Good advice. Myself I would put them in a room together and say work it out. Get HR to mediate. If it doesnt resolve then start keeping up the paperwork and rid yourself of both of them. If it's affecting the entire unit then it's time to put a sudden stop. Sounds like the previous manager let it go on too long and it's more habit now then anything.
  8. by   TazziRN
    It's not always work-out-able (how's that for a word!). I had a coworker that I could not get along with, despite my best efforts. Repeated visits to the boss did nothing except get me "You need to work it out yourself." I even went so far as to see the hospital psychologist to learn tools on dealing with her. Instead of realizing that nothing was going to fix this situation, the boss had me working with her for 5 of my 6 shifts. (We work two nurses per shift, so I had no one else to deal with.) She ended up getting terminated for another reason, but no one was sad to see her go. I wasn't the only one with problems dealing with her, but I had her the majority of the time.

    My suggestion, from having been in the trenches with a problem nurse, is to separate them for at least half the shifts if possible.
  9. by   teeituptom
    Back in the old days it was simpler.
    Lock them both in a room. Let them work it out.
    The one who could walk out got to saty
    the one who crawled out, got the boot

    Very simple, very effective

    of course they both could have sat down and worked out okm then everyone wins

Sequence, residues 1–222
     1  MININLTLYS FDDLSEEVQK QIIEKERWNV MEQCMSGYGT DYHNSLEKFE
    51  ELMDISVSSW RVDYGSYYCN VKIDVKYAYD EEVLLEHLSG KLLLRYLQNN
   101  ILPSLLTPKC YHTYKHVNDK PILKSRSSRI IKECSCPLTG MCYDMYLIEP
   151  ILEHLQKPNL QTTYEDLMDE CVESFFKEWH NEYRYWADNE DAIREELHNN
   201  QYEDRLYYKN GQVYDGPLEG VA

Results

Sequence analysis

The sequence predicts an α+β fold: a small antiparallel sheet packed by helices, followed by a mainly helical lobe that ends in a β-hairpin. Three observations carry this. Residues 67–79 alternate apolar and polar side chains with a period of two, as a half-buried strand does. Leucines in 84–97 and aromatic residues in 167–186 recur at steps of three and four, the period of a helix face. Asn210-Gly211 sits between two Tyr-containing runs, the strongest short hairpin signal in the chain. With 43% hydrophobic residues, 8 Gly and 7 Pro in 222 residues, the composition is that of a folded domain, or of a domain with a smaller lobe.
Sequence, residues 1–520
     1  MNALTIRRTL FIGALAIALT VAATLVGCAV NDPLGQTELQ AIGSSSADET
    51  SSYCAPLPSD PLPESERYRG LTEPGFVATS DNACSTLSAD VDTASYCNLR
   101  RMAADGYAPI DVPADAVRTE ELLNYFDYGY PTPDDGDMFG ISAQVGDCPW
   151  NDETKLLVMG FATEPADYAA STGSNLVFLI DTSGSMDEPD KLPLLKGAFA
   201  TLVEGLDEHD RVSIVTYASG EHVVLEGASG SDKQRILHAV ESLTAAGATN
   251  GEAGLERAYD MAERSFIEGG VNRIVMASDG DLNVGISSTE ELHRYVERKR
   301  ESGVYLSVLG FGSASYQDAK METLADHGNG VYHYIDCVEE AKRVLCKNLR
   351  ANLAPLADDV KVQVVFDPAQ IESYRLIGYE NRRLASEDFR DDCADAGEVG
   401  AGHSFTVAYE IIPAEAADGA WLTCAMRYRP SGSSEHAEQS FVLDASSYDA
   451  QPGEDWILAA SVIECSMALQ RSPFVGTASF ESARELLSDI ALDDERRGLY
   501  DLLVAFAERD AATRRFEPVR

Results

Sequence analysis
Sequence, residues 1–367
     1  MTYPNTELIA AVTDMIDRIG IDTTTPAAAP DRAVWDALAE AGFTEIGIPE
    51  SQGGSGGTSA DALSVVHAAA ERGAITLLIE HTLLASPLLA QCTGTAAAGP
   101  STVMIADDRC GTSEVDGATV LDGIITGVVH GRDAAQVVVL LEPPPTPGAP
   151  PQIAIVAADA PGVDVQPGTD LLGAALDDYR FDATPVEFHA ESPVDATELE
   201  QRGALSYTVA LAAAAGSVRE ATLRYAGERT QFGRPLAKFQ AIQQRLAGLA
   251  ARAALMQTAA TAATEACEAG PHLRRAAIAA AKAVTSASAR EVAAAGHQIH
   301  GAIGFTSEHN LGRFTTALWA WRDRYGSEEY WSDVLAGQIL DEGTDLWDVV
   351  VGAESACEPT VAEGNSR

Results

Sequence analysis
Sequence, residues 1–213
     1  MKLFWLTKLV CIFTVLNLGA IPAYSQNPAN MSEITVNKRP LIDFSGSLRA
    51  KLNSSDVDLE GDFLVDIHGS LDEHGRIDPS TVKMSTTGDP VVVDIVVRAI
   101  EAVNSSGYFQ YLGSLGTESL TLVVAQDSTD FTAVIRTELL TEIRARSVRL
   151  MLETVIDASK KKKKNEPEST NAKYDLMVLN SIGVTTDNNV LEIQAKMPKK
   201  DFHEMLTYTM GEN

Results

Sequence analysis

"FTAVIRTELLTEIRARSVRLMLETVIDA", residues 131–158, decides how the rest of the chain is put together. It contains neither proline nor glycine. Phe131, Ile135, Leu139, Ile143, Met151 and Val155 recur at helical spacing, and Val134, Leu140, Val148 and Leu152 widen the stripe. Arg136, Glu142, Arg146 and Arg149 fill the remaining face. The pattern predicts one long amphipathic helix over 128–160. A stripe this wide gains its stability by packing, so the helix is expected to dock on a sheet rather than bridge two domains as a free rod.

still simple.

    Great rule in life, Keep H.R. out of it, away from it,
  10. by   Nurse Beth
    Quote from Fitness55
    I am a new Nurse Manager and need advice. Two staff members are at odds with each other. The conflict is dividing the staff and I feel lost. Apparently this situation has been happening for quite some time. What should I do ?
    Good for you in realizing you do have to deal with this-your staff is intently watching you in this your first "test" and will deduce from this whether you will be fair, firm, credible. etc. You are wise in seeing how very destructive this kind of behaviour is.

    All about you- Your own values will show here- what do you believe to be true about people and workers in particular? What kind of management style do you feel is best in this situation? How strong are your needs to be liked, what biases might you have, etc.

    Know what you want to acheive-They don't have to like each other, but they do have to conduct themselves professionally, and you will set boundaries. The end goal is the floor needs to heal and get set on a common track and unifying direction- hopefully excellent pt care- rather than allow these two to put their personal needs ahead of everything.

    Prepare: Gather as much information as you can- read their HR files for previous evaluations and any warnings.
    Can you talk with the previous manager?
    Is there an experienced manager in your peer group you can use a mentor?
    What does the culture of your facility support in terms of discipline?
    Of course, use a progressive discipline approach, document well, and avoid negative and labeling terms as much as possible. Do provide examples that illustrate the behaviours you will and will not accept.

    Good luck, management is not for the faint hearted, but the right person can bring about so much good for staff and ultimately, patients.